KL: What were some of your personal goals that you had going in?
ZB: I really wanted to just focus a lot on my scoring. I struggled in just our regional rodeos with my scoring, so I knew that if I watched the score and I scored good that I would have a good chance of getting out there and roping the calf quick.
KL: In all four rounds, you had times of 3 seconds or faster. Talk about how tough the competition was and the caliber of girls roping at the Finals.
ZB: It was a really tough finals I felt like. You had the girls that would come out there and in the first round I think a 1.9 won it. Then in the third round a 1.6 won it, so there was definitely a lot of good competition and the calves were phenomenal. I couldn’t have asked for a better set of calves. I thought that they were all pretty even. It’s just fun to rope calves that you know that you can be fast on and win something on.
KL: How do you find that you handle the pressure in a situation like the finals when there’s so much on the line?
[Zoie Bedke] I personally just like have to tell myself to breath. I know it kind of sounds stupid. I take a deep breath like as the girl in front of me is going, and then I ride in the box and I take another big deep breath and then right before I nod, I take another deep breath. I just feel like that helps calm everything and makes me think better.
Learn more on the benefits of breathing: The Breakaway Roper’s Last Breath
KL: Tell me a little bit about the horse that you rode at the Finals. Was it just one horse or were there a couple you were switching between?
ZB: I just rode my one horse. He’s a good, solid horse. He’s honestly amazing and I would not have been able to accomplish what I did without him. He’s 11 years old and I started roping on him probably 3 years ago. My brother calf roped on him and trained him. He was almost too small to be a calf horse, so I started breakawaying on him and we kind of just clicked. He helps my roping out a lot. I kind of just took him from my brother and haven’t given him back.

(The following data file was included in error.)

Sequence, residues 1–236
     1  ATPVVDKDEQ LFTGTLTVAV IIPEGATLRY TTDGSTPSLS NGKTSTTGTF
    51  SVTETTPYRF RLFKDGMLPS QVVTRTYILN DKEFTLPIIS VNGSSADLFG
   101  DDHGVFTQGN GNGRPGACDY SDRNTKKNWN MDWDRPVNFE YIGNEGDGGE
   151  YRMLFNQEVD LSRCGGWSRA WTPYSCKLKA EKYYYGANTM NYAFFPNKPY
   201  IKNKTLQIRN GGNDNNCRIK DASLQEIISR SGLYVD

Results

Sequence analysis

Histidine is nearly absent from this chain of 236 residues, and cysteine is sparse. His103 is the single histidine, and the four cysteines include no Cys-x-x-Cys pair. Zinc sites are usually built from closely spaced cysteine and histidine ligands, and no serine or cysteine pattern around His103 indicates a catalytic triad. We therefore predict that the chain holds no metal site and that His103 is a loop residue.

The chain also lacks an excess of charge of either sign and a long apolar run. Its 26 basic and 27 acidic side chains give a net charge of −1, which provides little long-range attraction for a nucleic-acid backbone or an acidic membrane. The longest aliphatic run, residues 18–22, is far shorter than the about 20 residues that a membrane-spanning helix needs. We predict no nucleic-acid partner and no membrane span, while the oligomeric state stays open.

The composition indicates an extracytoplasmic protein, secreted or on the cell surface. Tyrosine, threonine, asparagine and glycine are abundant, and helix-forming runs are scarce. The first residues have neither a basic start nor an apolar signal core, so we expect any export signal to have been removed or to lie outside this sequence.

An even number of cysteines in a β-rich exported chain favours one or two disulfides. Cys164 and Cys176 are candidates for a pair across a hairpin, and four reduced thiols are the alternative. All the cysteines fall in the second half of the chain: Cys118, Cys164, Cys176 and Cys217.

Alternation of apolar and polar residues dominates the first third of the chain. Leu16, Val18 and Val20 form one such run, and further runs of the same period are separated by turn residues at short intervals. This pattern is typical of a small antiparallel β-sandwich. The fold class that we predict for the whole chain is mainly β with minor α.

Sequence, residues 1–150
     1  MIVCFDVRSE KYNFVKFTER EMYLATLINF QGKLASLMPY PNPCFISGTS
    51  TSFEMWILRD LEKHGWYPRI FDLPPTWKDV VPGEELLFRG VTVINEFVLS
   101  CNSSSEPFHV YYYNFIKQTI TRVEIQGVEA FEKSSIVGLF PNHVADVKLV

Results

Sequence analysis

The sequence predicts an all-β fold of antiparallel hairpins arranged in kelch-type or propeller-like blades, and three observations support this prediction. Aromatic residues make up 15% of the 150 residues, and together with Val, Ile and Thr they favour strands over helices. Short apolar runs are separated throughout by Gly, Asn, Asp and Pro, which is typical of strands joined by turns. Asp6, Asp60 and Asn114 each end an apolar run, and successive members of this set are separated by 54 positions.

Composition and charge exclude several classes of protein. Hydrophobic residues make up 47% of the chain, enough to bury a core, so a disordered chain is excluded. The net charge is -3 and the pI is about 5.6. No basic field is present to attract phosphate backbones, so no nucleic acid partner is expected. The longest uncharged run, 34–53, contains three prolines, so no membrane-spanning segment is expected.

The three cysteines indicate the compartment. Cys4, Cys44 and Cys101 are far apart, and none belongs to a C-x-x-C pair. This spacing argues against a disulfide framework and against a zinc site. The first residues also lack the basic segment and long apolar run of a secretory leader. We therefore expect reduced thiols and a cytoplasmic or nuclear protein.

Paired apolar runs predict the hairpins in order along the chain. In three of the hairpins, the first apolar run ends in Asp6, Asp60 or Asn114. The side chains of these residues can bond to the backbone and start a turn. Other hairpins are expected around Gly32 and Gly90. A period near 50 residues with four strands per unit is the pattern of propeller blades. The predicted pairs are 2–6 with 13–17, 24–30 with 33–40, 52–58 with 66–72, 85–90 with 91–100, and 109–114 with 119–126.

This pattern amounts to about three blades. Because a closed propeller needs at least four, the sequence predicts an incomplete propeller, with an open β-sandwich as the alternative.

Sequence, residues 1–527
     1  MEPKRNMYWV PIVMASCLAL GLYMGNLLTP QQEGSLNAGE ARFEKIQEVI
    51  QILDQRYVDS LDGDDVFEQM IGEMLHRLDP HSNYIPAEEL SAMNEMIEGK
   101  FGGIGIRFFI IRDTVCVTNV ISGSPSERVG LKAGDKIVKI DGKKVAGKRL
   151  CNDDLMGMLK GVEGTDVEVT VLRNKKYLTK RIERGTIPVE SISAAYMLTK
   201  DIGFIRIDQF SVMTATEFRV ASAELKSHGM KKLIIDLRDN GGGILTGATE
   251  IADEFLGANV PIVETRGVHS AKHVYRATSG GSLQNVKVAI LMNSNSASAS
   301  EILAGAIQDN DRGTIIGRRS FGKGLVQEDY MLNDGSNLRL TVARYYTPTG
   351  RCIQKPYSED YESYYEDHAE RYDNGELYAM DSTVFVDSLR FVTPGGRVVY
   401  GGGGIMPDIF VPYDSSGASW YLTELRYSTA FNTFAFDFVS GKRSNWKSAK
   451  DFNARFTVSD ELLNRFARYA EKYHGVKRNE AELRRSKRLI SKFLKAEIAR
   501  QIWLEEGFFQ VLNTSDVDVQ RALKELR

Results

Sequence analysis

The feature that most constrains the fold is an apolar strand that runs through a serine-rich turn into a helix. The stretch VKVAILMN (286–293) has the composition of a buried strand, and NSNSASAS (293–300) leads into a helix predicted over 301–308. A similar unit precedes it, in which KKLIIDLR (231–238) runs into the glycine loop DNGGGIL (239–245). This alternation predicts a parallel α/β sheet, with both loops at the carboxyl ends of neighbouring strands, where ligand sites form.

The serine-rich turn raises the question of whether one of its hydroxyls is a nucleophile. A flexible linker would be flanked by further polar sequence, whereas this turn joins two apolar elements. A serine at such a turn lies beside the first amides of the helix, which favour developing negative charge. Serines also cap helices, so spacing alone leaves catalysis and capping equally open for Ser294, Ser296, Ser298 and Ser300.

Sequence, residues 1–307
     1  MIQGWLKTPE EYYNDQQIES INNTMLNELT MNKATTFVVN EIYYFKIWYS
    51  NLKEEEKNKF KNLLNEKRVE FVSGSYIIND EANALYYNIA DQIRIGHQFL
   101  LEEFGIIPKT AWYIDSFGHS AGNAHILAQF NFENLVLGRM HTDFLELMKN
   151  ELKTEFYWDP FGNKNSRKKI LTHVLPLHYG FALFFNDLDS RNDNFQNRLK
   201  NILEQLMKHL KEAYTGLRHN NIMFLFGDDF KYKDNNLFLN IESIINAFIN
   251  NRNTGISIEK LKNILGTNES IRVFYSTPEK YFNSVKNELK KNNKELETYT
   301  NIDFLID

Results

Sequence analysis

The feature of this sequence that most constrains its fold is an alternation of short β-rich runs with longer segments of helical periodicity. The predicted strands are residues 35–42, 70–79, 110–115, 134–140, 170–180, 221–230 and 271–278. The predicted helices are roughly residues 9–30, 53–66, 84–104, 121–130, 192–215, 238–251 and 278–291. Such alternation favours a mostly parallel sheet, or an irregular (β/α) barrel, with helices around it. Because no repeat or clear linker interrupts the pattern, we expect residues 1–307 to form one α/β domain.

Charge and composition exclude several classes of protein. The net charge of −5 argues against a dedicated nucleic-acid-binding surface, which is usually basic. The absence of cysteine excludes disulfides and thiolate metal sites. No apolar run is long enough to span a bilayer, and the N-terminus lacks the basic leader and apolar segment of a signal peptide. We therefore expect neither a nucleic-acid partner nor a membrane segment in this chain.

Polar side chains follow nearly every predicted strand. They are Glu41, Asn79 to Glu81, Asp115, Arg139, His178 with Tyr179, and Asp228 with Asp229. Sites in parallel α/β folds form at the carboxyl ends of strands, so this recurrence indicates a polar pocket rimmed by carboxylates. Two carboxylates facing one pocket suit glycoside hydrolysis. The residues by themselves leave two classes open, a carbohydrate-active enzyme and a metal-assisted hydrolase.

KL: What is next for you after winning the CNFR in breakaway roping? Will you hit any of the Pro Rodeos, or what’s your plan?
ZB: Yes, I’m planning on hitting as much Pro Rodeos around our circuit as possible. I left the College Finals and drove straight to Reno and roped there and I’m planning on hitting a bunch more and just trying to rope at ‘em at much as I can.
KL: I think that is a good plan to have. My last question for you is, as breakaway roping quickly gains popularity, from your perspective, where do you see the sport going in the coming years?
ZB I hope it keeps growing like it is. It’s honestly grown so much just over this past year having the Wrangler Finals but, not really in the Finals. I hope to see it in the actual NFR and letting everybody compete at like the same time as everybody else because I think it’s a cool event and it’s just fun to watch and fun to do.